3: Call to Action: What happens next? Suggest the next natural steps, typically in the form of a question.

Christy Lamagna

6. Turn Your Network Into Your Extended Sales Team

Christy Lamagna (President of Strategic Meetings & Events) @SMEChristy

Your network will lead you to your next sale. The key is knowing how to turn your network into your extended sales team. The power of imagery is amazing. Instead of asking for people to think of someone who may need my services, which is vague and nonspecific, I paint them a picture. I’ll say, “I’m looking for someone with a winter tan and who wears an expensive timepiece.” When they see that person, BOOM, I’m on their mind.

If you want your path to lead to success, draw your network a map so they know how to help you get there.

Brian Marsh

7. Never Be Afraid to Ask For Referrals

Brian Marsh (Sales Director at Futurepump) LinkedIn

Successful agents know to always ask for referrals. Every meeting should end with “do you know anyone else who would benefit from my product/service?”, even if your prospect didn’t decide on your service. Get creative. Tell as many people as possible what you sell and never be afraid to ask. Your results will skyrocket.

Jeff Goldberg

8. Content, Content, and More Content!

Jeff Goldberg (Jeff Goldberg & Associates) @jeffgprospeaker

I frequently post content on my website and newsletter, but I especially like LinkedIn, as the audience is largely salespeople and managers. By offering valuable information instead of a sales pitch for your product or service, readers will come to see you as generous and an expert in your field. My experience has been that offering enough valuable content on a regular basis brings the prospects to you, rather than the other way around. Make it easy for your prospects to ‘raise their hand!’ Produce and share valuable content as often as possible.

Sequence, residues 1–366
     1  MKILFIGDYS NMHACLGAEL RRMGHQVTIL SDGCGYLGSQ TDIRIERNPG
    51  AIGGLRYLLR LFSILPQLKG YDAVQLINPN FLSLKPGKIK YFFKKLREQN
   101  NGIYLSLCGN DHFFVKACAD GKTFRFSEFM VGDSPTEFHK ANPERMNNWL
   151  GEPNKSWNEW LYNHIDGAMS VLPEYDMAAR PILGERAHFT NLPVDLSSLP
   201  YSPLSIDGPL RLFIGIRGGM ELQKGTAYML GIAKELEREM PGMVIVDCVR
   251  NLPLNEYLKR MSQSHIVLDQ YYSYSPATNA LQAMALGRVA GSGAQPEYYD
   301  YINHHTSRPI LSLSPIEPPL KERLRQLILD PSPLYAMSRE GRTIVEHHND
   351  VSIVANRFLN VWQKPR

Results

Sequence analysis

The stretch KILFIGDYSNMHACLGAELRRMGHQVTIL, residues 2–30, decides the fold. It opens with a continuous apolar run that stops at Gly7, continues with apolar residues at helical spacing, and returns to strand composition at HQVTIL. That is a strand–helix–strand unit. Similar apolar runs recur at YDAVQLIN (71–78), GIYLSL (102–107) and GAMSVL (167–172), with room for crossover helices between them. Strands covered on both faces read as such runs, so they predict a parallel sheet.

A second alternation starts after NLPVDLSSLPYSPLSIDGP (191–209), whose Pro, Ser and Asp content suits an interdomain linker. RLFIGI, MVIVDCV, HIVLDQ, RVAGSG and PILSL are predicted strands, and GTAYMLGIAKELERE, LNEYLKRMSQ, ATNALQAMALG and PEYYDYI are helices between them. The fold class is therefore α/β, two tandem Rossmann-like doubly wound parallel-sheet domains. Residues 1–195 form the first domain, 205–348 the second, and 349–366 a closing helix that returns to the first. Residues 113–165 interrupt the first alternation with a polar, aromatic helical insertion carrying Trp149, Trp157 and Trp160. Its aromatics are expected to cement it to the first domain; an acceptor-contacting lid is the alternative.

Ali Mirza

9. Keep A Healthy Sales Pipeline

Ali Mirza (President of Rose Garden Consulting) Rose Garden Consulting

Keep your pipeline full of rich and viable prospects. An empty pipeline can leave salespeople placing undue importance on a small number of clients. The problem is that so many want a healthy pipeline but don’t know how to maintain it. For me, most of my deals come to me through my network. I make myself available at all times for lending a helping hand with sales. I establish myself as the go-to expert. The small amount of time I spend offering free help provides me with immeasurable ROI. Those I help always tell their friends and everyone in their network, affording me a constant inflow of people seeking my help.

Mike Kawula

10. Track Tweets in Your Target Market

Mike Kawula (CEO of Social Quant) Social Quant’s Website

Twitter is a phenomenal way to drive sales, regardless of whether you’re a local, national, international, online, or offline business. Don’t believe me? I grew my 50-person local cleaning business simply by following local tweets, starting conversations, and addressing pain points. This process also helped me grow a multi-million-dollar online office supply store by listening to and engaging with those mentioning our competitors. It’s an easy, painless alternative to cold calling that can literally happen within moments!

Joe Templin

11. Do Your Homework

Joe Templin (Managing Director at The Unique Minds Consulting Group) @TheRealHeadGeek

Dedicate fifteen minutes before a meeting to do research and generate a list of potential introductions (ALWAYS ask to be introduced). Asking questions and showing you have already invested time earns you the right for more trust and introductions, and makes calling easy.

Morlyn Duma Maturere

12. Use Mail Shots

Morlyn Duma Maturere (Freelance Sales Consultant) LinkedIn

Some of the best tactics that I have used, approved, and recommended include Mail Shots, social media, and online targeted sales. If your product or service targets small to medium-sized enterprises, sending Mail Shots to members under your local SME association can yield great results. Members who receive Mail Shots through their association have a high reading rate and (as long as a value proposition is great) at least 50% of the database will respond. Place your sales banners on websites that are frequented by your target market. For example, place a software sales banner on an online digital magazine site. That way, you’ll develop a pipeline of prospects who are already interested in your product, are willing to take your call, and have a high chance at converting into clients!